Itching to get your hands on Nintendo Switch’s The Legend of Zelda: Breath of the Wild on a PC emulator? Watch out for these fake emulators which will hack your personal data.
Emulators for the PC are popular for Nintendo and PlayStation handhelds and it’s especially nifty for younger gamers who did not get the chance to play older titles in older handhelds and consoles such as the Game Boy Color and PlayStation One.
And with the Nintendo Switch proving harder to procure than ever (whether in terms of console availability or financial capacity), gamers are turning to a Nintendo Switch emulator for the PC to be able to get their hands on Nintendo Switch’s hottest title yet, The Legend of Zelda: Breath of the Wild.
A quick search on Google and YouTube would, of course, yield a number of promising Nintendo Switch emulators for the PC. While gamers think this brings them a step closer to the newest Zelda game, little do they know that a lot of these Nintendo Switch emulators are actually ploys to hack into your computer and steal personal information, Express reports.
These fake Nintendo Switch emulators will come dressed in different promises and forms but security expert Symantec has spoken out about these emulators acting as bait to steal user information.
Over the last few weeks, a variety of Nintendo Switch emulators, and how to download and install them, have popped up all over the internet. Some emulators will prompt users to take a survey to unlock a download code while some emulators will try to install a malicious program. Some Nintendo Switch emulator surveys will even try to offer the user a chance to get a free Nintendo Switch.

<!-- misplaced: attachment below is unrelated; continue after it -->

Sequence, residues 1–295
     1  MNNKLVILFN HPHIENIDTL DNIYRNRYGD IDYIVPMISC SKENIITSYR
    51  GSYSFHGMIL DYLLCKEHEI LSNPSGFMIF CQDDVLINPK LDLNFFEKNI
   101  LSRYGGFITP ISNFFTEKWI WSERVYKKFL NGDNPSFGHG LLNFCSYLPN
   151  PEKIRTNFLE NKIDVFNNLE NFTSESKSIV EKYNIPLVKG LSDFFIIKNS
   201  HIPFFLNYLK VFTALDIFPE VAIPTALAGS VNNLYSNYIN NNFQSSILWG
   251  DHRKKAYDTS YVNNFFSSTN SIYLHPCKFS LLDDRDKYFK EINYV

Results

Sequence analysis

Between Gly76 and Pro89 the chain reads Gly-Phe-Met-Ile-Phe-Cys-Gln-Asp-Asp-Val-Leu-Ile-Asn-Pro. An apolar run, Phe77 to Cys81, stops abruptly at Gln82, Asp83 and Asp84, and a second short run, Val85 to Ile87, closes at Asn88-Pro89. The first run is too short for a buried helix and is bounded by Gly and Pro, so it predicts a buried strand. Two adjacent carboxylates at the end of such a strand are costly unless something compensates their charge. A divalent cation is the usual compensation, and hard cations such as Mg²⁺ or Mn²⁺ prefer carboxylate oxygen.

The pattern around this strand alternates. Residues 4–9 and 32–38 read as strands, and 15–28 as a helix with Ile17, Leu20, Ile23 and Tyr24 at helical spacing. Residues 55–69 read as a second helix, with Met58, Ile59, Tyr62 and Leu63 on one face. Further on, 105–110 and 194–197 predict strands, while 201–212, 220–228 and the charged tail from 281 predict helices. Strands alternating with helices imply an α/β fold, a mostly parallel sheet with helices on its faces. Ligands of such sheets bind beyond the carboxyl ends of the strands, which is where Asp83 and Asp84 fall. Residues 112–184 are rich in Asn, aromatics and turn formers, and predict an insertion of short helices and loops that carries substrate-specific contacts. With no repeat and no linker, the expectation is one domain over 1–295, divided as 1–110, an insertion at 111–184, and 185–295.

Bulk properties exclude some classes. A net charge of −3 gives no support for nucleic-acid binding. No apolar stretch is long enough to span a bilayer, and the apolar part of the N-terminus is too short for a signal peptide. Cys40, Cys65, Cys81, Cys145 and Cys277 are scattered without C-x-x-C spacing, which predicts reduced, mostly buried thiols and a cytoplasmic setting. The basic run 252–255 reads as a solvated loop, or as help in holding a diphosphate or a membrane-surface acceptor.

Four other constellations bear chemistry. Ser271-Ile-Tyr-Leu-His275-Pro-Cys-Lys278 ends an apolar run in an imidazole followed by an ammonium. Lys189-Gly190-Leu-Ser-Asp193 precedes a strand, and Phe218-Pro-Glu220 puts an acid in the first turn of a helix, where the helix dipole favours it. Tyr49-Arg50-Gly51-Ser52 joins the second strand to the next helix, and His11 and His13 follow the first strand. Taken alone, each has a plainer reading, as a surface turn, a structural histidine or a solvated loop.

Apart from fishy surveys that will try to extort personal information from the user such as e-mail and home address, contact details, and even bank and card information, there are also seemingly innocent Nintendo Switch emulators that will download a potentially unwanted application called PUA.OneSystemCare.
The file PUA.OneSystemCare was already previously tagged by Symantec as a potentially unwanted app that “displays misleading information about the computer’s performance. It then asks the user to pay to fix the issues.” Apparently, this file has now surfaced as a download from fake Nintendo Switch emulators, after downloading files named “Switch_Emulator_0.6.1.dmg” on Mac and “Switch_Emulator_061.iso” on Windows.
Symantec explains that there’s a common link in these fake Nintendo Switch emulator scams and it’s affiliate programs.
“Whether it’s survey scams or potentially unwanted applications, the YouTube videos and websites are likely driven by affiliate programs. The affiliate would be responsible for delivering a user to the website to fill out a survey, complete an offer, or download a file. For each successful conversion (a completed survey, offer, or download) the affiliate would collect a commission from the advertising network. In this case, it is unclear how much each affiliate is making for each conversion.”
So with Nintendo Switch emulators out of the window, what can you possibly do to get the itch that is The Legend of Zelda: Breath of the Wild out of your system? Well, Vice reports that known Wii U emulator Cemu has a playable emulated version of The Legend of Zelda: Breath of the Wild.
The emulated version of The Legend of Zelda: Breath of the Wild over at Cemu has been around only days after the game came out with the Nintendo Switch, this is why some parts of the game are still unplayable and buggy. Exzap, one of Cemu’s developers, wrote over at Reddit that they’re working to get The Legend of Zelda: Breath of the Wild completely playable on the Cemu, eliminating the need for users to get desperate and scavenge for reputable Nintendo Switch emulators when there is none yet.
“The goal is to get every game running 100% eventually. How we get there and how long it will take is difficult to answer. But in regards to [Breath of the Wild] I think we will see small incremental improvements in almost every future Cemu release. It’s been this way for most other games so far.”
As of the moment, stocks for Nintendo Switch are very limited but Daily Star reports that there are still units up for grabs at various Argos, Amazon, Tesco, and Gamestop stores locally.
[Featured Image by Neilson Barnard/Getty-Images]